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Event Parking GetsMakeo BY JEFFREY T. BECKER

they rip a two-part ticket in half, throwone stub on the dash and jam the other in a pocket, along with your $20 bill. Just down the row, season ticket holders flashing parking passes are directed to their spaces.


HINK BACK JUSTA FEWYEARS. You’re on your way to a football game and what do you see? Parking atten- dants all wearing aprons with big pockets on the front. As you pull up,

A supervisor runs a visual check to see that every car has a

stub or pass.After the game has started, the attendants go back to the office, where an auditor tries to reconcile the tickets and the cash and the passes. But all too often the number of transactions didn’t equal the number of spaces in the facility, even though all the lots are full. The demands of parking at a major event such as a concert

or a ballgame can be daunting. Huge crowds converging from every direction.VIPs and season pass holders jockeying for their preferred spaces.Multiple lanes and lots with dozens of atten- dants doing their best to collect themoney and get people parked. Managing a situation like this can be a

nightmare. There are just too many ways the process can break down. Facility owners have gone to great lengths to try to get a better han- dle on their event parking. One approach is to use more people.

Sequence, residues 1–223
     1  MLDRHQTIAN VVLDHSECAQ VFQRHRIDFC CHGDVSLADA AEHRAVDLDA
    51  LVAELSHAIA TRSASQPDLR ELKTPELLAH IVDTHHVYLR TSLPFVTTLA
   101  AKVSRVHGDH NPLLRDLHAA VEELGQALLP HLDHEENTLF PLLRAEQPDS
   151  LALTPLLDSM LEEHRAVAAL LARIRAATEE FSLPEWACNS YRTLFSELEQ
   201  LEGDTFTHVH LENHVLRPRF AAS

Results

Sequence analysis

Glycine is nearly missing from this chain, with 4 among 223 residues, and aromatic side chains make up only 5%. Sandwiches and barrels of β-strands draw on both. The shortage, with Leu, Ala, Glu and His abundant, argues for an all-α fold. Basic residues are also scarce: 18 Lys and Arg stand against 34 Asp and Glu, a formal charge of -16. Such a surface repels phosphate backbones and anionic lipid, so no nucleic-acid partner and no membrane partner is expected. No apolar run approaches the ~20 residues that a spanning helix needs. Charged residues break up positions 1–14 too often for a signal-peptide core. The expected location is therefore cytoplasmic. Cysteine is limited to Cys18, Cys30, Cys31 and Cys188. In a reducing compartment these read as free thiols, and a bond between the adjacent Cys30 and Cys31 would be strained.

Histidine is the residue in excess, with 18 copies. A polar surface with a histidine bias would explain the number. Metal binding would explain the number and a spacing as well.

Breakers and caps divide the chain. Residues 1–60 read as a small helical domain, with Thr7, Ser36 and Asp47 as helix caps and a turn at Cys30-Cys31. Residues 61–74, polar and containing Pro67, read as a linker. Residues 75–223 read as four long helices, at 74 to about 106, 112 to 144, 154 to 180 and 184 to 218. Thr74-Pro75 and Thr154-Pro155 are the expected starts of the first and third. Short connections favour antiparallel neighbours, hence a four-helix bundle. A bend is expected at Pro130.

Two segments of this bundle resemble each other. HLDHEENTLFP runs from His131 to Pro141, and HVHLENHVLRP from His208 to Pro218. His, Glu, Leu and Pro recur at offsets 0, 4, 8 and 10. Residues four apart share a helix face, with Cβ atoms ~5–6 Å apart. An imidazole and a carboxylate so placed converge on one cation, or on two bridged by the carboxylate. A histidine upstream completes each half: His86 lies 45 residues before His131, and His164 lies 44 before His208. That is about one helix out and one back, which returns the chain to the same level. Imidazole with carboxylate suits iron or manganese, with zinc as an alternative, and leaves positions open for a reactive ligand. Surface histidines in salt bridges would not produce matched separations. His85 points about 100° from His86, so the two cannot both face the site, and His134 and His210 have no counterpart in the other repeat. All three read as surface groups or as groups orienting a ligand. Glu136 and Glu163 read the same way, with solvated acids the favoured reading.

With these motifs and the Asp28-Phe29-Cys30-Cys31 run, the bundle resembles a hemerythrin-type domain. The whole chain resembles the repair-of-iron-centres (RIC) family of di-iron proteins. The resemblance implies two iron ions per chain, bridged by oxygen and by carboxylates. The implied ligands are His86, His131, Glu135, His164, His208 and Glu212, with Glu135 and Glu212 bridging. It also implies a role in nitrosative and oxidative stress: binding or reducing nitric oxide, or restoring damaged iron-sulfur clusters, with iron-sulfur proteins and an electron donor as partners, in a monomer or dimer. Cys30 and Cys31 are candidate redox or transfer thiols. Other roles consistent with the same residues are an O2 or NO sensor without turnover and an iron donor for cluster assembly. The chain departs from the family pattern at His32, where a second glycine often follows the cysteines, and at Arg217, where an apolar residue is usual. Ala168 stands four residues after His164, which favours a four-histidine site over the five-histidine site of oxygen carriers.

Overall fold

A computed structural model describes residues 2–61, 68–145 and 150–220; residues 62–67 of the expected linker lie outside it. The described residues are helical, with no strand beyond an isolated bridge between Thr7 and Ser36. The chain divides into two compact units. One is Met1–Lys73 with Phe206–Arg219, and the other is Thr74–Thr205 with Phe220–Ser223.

More supervisors keeping an eye on the atten- dants, trying to verify that every vehicle gets accounted for.There have even been stories of facilities putting “auditors” on rooftops or even in helicopters all in the hopes of getting accurate counts thatmatch the cash turned in. Alot is at stake, to be sure, but at the same

time, facilities are under increasing pressure to control staff costs.

Improving the experience for the customer “Generally speaking, the No. 1 complaint

from fans at sporting events is parking,” said Bill Squires, Past President of the Stadium ManagersAssociation. What can you do to provide an excellent

customer experience to your suite holder, sea- son ticket holder, contributing alumni or aver- age fan? How can you lessen the need for cash-handling for your fans as they enter the stadium so they can spend more on conces- sions and souvenirs? As happens so often, developments in

technology bring new solutions to problems. Remember what happened in the world of off- street parking?Years ago, facilities were run by an entry lane ticket dispenser that time- stamped a piece of paper. That was then stamped by a time clock on exit, and the cashierwas left to calculate the fee in his head. Now we have tickets with data encoded in a magnetic stripe and fees calculated automati- cally by computers and pay-on-foot stations. We’re poised for a similar revolution in

High Tech Event Parking – Attendant uses hand held card readers andmobile printers to track cars in an “event” environment.


event parking.Great advances have beenmade inmobile computing technology, and the costs of cellular and other wireless communications have decreased dramatically. Innovative com- panies are incorporating thesemobile comput-

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